But apart from the occasional game of touch football, Cassius, like his father, wasn't very interested in sports. It wasn't until he was twelve years old that he was introduced by chance to the sport that would change his life.
Once a year in Louisville, merchants who catered to the community's African American population demonstrated their wares at the Louisville Home Show. The show was held at a local auditorium. To attract crowds the merchants gave children free popcorn and balloons.
Cassius heard about the show and, like any twelve-year-old, decided an afternoon of eating free popcorn and getting balloons would be fun. So he rode his bike to the auditorium, parked outside, and wandered around the show for a few hours with his friends. But when Cassius left the show to go home, his bicycle was gone! It had been stolen.
He broke into tears and stormed back into the auditorium. An adult noticed him crying and asked Cassius what was wrong. He told him that his bike had been stolen and that he wanted to find a policeman. The man knew that a Louisville police officer, Joe Martin, ran a boxing gym in the basement of the auditorium. He told Cassius to go downstairs and report the theft to Martin.
Cassius went down and found Martin. Sniffing and holding back tears, he told Martin that his bike had been stolen and that he wanted to "whup" whomever had taken it.
Martin felt bad. He knew it was very unlikely that the bike would ever be recovered. But he told Cassius, "You better learn how to fight before you start saying you're going to 'whup' someone."
Cassius had never thought about that before, and he looked around the gym. Boys of all sizes and colors were working out, trying to learn how to box. Some were on the floor doing sit-ups and some were skipping rope. Others were standing in front of a mirror, shadowboxing. Another was hitting what is called a speed bag, and another was pounding a large, heavy bag suspended from the ceiling. In the middle of the room was a boxing ring, and two young men wearing protective headgear and gloves were sparring with each other. Martin was moving around the gym, giving all the boys pointers and shouting words of encouragement.
Cassius loved the way the gym looked and felt. He even liked the way it smelled! He had never thought of becoming a boxer before-and despite his threat to "whup" someone, he had never even been in a real fight. He was intrigued by Martin's challenge.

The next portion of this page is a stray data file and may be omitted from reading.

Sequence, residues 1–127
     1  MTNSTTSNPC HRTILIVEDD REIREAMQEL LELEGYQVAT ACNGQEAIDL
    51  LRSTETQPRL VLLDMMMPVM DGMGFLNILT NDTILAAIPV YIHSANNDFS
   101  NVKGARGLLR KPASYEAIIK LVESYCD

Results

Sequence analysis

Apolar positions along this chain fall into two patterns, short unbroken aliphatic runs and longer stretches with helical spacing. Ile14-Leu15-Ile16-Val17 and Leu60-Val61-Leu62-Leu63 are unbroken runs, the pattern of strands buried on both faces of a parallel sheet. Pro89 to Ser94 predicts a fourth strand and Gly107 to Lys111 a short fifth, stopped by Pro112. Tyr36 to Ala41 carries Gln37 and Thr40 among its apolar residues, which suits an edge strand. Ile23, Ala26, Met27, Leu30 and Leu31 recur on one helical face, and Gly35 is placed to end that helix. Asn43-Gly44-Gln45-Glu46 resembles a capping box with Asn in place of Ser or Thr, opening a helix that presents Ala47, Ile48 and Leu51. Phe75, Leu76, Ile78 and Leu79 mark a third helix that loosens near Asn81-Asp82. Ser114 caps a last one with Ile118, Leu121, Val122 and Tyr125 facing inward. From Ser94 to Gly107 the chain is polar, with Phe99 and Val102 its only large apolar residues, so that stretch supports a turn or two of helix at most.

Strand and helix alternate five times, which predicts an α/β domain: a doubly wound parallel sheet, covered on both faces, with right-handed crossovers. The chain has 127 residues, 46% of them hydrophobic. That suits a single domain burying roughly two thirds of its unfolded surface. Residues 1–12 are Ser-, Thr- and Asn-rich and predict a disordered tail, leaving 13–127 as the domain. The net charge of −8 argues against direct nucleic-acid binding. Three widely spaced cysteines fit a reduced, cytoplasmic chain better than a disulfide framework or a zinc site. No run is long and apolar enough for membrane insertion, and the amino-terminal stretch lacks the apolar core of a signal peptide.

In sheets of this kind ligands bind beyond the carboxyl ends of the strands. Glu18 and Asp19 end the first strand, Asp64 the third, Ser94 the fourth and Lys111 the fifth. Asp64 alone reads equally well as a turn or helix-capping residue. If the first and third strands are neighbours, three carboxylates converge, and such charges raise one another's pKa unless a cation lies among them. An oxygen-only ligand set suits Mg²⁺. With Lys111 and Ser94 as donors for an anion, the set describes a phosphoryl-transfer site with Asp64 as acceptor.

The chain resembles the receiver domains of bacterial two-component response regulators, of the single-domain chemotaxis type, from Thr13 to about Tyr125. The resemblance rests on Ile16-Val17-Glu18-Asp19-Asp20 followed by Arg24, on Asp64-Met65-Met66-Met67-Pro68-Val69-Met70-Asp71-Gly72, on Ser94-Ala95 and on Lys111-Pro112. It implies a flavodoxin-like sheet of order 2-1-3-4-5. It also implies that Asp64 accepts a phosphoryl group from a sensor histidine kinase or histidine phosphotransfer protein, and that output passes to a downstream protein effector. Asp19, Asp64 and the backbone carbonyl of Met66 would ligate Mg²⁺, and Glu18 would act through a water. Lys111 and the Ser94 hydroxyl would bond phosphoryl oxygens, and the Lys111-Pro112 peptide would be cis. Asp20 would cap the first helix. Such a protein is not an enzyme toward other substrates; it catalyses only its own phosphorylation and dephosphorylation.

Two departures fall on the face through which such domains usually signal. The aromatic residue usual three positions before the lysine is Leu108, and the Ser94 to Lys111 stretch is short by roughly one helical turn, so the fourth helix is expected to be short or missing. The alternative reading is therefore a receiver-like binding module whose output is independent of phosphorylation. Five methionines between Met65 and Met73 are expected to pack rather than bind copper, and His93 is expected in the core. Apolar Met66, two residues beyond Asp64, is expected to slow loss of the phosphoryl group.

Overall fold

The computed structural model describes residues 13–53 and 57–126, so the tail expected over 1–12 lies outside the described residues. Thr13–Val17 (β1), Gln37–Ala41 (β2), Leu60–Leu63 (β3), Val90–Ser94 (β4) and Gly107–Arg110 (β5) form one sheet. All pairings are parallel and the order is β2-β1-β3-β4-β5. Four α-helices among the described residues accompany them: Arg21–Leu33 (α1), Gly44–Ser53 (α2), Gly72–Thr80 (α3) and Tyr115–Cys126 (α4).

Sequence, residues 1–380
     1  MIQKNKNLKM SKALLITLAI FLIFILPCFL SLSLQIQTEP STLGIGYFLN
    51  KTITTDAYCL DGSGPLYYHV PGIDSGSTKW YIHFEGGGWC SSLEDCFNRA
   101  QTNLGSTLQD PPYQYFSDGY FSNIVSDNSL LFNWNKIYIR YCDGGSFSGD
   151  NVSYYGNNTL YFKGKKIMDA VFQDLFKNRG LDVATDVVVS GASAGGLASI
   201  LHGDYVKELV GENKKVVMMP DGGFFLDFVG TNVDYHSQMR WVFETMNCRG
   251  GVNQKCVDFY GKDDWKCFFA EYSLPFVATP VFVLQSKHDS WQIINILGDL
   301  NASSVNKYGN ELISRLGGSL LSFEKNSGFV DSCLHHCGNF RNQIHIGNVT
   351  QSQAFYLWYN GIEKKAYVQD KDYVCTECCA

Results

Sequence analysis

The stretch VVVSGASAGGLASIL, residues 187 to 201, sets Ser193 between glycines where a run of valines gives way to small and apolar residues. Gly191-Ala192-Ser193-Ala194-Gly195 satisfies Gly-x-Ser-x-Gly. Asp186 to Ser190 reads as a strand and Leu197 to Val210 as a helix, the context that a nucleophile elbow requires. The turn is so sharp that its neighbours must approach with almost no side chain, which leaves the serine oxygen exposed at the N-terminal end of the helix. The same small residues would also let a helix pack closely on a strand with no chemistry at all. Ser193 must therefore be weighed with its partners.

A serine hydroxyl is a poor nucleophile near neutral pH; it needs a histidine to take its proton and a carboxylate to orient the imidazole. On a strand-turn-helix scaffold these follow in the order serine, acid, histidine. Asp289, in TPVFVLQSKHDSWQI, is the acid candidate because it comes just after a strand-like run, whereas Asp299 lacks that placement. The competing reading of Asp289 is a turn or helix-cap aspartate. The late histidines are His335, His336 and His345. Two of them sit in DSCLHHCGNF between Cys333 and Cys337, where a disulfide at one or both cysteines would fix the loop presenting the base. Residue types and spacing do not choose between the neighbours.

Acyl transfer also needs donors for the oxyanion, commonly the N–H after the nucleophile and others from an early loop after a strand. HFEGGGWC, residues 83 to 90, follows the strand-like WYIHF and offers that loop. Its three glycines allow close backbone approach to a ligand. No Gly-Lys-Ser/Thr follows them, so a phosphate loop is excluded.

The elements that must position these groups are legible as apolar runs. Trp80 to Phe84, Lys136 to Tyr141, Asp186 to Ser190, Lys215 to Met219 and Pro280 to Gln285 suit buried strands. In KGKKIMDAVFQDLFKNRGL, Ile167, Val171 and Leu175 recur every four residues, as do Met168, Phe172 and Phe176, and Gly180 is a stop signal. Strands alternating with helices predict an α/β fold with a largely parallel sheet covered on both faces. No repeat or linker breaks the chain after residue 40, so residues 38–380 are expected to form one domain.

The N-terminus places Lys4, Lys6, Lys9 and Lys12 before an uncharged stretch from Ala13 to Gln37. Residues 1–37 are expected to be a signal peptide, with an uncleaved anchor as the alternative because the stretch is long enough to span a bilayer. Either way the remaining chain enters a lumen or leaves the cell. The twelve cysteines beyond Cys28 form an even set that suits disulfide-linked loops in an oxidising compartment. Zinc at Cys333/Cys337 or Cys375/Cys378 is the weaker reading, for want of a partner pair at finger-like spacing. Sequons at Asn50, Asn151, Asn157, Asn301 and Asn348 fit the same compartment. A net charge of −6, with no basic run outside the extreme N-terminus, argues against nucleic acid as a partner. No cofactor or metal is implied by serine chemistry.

At first glance, the sport of boxing just looks like two people trying to beat each other up. But it is much more than that. Boxing has rules and requires a great deal of skill, discipline, and practice as well as stamina and strategy. Even the toughest street fighter has little chance against a trained boxer.
Boxing is one of the world's oldest sports. For centuries human beings have tried to settle their differences by fighting. But boxing is not a contest motivated by hate; it is one in which the participants test each other's skills. Both the ancient Greeks and Romans competed in a form of boxing, and there are even descriptions of boxing in Homer's epic Greek poem the Iliad. In ancient times, boxing matches lasted until one man was too injured to continue.
The modern sport began in England during the 1700s. A man named James Figg opened a boxing school and taught students to throw different punches and block the blows. His students then competed against one another. Before long, spectators came to watch the competitions.
At first there were few rules to boxing. But over time, for reasons of safety, a set of rules slowly evolved.
In the 1860s an Englishman known as the Marquess of Queensberry developed a set of twelve rules that still serves as the basis of the modern sport. The marquess decided that boxers would wear gloves and fight in rounds that would last for two or three minutes, with one minute of rest in between. A boxer who was knocked down had ten seconds to regain his feet. If he could not do so, he was considered knocked out, and the match ended.
Over the next fifty years the rules continued to evolve. Head butts and punches below the belt or to the back of the head were made illegal. Boxers were matched by weight so each fight would be fair. The weight divisions ranged from junior flyweight, for boxers under 108 pounds, to the heavyweight division, for those who weigh above 195 pounds. The number of rounds a fight lasted was limited to fifteen, and in the event no one was knocked out either the referee or a team of judges scored the fight and determined the winner.
Boxing came to the United States early in the nineteenth century. At first the sport was banned in places because it was considered too violent. But its popularity grew, and soon there were too many boxers, and boxing fans, to stop the sport entirely. By 1920 boxing was a legal sport throughout the United States.
By then, nearly every town and city had one or more gyms where boxing was taught. Boxing matches between professionals sometimes drew thousands of fans. Champions, particularly in the heavyweight division, became rich and famous.
But not everyone who boxed did so for money. Beginning in 1904, boxing became an Olympic sport. Amateur boxers, unlike their professional counterparts, wear protective headgear and larger, padded gloves. In amateur boxing, each match generally lasts only three rounds of two minutes each.
For many years in the United States, African American boxers were not allowed to fight white boxers, and until very recently women were not even allowed to compete in the sport. But in Australia, in 1908, an energetic and powerful African American named Jack Johnson won the world heavyweight title when he defeated white Canadian Tommy Burns. Such fights between African American and white boxers drew enormous crowds. Soon the ban against African American fighters was dropped in the United States.
Twelve-year-old Cassius Clay knew none of boxing's long history the day he went to the basement of the auditorium in Louisville. All he knew was that his bicycle had been stolen. But when he walked into the gym, the course of his life changed forever.
Excerpted from Muhammad Ali by Matt Christopher Copyright ©2005 by Matt Christopher Royalties, Inc.. Excerpted by permission.